A Lengthy Post-Gazette Article on the upcoming Pittsburgh Episcopal Election

Lionel Deimel, a member of St. Paul’s in Mt. Lebanon who blogs on church matters from a liberal perspective, declared his opposition to any local candidate before Father [Scott] Quinn was named. He argued that all local priests carry factional baggage and that the diocese was too ingrown….

The Rev. James Simons, a theological conservative who had a leading role in reorganizing the diocese after the split, hasn’t chosen a candidate yet, and said that the value of an inside candidate depends on the person.

“It can be argued both ways,” he said. “When you elect from within the diocese, the learning curve is less steep. You don’t have to learn the history because you lived the history. On the other hand, sometimes it’s good to have someone looking at things with fresh eyes. It all depends on who that individual is.”

Read it all.


Posted in * Anglican - Episcopal, Episcopal Church (TEC), Pastoral Theology, TEC Bishops, TEC Conflicts, TEC Conflicts: Pittsburgh, TEC Diocesan Conventions/Diocesan Councils, Theology

3 comments on “A Lengthy Post-Gazette Article on the upcoming Pittsburgh Episcopal Election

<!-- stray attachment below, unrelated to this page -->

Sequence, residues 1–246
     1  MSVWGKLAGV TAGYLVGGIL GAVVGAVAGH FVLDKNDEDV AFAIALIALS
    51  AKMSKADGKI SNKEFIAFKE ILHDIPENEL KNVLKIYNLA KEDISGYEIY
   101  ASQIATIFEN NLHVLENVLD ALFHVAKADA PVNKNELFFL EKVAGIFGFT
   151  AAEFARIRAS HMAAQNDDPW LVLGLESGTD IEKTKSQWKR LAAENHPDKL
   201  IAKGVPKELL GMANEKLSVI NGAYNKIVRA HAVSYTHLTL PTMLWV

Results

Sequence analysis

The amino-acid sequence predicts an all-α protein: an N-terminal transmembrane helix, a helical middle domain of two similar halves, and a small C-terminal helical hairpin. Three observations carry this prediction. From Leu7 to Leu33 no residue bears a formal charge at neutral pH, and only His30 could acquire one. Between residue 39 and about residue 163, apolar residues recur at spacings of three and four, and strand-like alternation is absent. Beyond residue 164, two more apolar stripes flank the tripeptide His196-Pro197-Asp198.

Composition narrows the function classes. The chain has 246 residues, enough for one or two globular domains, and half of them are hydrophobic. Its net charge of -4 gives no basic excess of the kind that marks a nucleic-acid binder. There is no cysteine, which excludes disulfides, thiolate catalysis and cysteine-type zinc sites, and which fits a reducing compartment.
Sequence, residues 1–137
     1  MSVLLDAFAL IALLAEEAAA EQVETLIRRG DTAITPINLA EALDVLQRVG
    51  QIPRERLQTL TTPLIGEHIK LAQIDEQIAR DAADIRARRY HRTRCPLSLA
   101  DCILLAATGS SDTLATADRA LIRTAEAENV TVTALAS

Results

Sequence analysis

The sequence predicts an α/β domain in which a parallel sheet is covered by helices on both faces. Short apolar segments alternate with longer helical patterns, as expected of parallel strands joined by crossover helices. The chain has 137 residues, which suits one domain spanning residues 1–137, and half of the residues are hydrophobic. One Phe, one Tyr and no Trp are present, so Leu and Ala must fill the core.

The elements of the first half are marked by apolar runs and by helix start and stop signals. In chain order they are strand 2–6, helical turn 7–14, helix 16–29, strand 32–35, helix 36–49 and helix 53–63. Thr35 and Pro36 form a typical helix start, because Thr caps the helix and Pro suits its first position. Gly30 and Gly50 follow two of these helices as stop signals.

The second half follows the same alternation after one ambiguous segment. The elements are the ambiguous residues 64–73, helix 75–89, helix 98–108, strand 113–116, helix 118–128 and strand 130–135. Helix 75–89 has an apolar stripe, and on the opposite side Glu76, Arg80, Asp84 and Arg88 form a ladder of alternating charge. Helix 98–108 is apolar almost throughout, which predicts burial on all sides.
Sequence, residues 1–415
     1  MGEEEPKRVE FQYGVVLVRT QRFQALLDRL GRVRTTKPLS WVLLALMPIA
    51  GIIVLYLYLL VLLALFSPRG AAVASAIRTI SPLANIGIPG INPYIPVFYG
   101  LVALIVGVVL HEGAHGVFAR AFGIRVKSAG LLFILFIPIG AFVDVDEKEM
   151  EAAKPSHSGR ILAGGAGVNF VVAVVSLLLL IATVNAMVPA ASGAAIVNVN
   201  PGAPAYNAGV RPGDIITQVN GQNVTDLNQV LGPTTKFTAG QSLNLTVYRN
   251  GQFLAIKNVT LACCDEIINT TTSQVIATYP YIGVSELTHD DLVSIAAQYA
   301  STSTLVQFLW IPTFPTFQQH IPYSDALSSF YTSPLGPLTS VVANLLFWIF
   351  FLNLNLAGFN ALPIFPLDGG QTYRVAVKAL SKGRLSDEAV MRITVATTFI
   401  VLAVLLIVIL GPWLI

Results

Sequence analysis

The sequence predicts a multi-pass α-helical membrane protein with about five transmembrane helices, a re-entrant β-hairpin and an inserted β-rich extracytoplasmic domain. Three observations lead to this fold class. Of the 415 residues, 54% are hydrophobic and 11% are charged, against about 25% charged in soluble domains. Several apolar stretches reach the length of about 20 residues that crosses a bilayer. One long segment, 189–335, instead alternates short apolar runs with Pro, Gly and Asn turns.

1. A Senior Priest says:

    How many actual people are in this club? More than, let’s say 900?

  2. Bruce says:

    Thanks, Senior Priest. You’re right that we’re a smaller bunch after the division. About 30 organized congregations, but–to note one measure–only eight that are able to support a full-time priest at the diocesan minimum for compensation. ASA in 2010 was about 2000, with about half that number in three parishes. I wrote an overview in a blog posting last fall. [url=http://ourpghdiocese.blogspot.com/2011/09/little-more-about-who-we-are.html]Who we are[/url].

    The Episcopal Diocese of Pittsburgh before 2008 was a medium-sized diocese with a fairly large central administrative structure supported by a significant number of larger and mid-sized parishes. The reality now is that we’re now in a different world, and the structure of diocesan life needs to be quite different. The changes can be painful and stressing, but the need to find new models of effective ministry can also be the source of creativity and renewal. Hope you’ll keep us in your prayers.

    Bruce Robison

  3. Betsybrowneyes says:

    Statistics submitted from the 2010 Parochial Reports for the twenty-nine parishes represented at the 2011 diocesan convention show 8,682 baptized members. (See pp. 115 of the 2011 Pre-Convention Journal.) You might want to check that out. Interesting reading.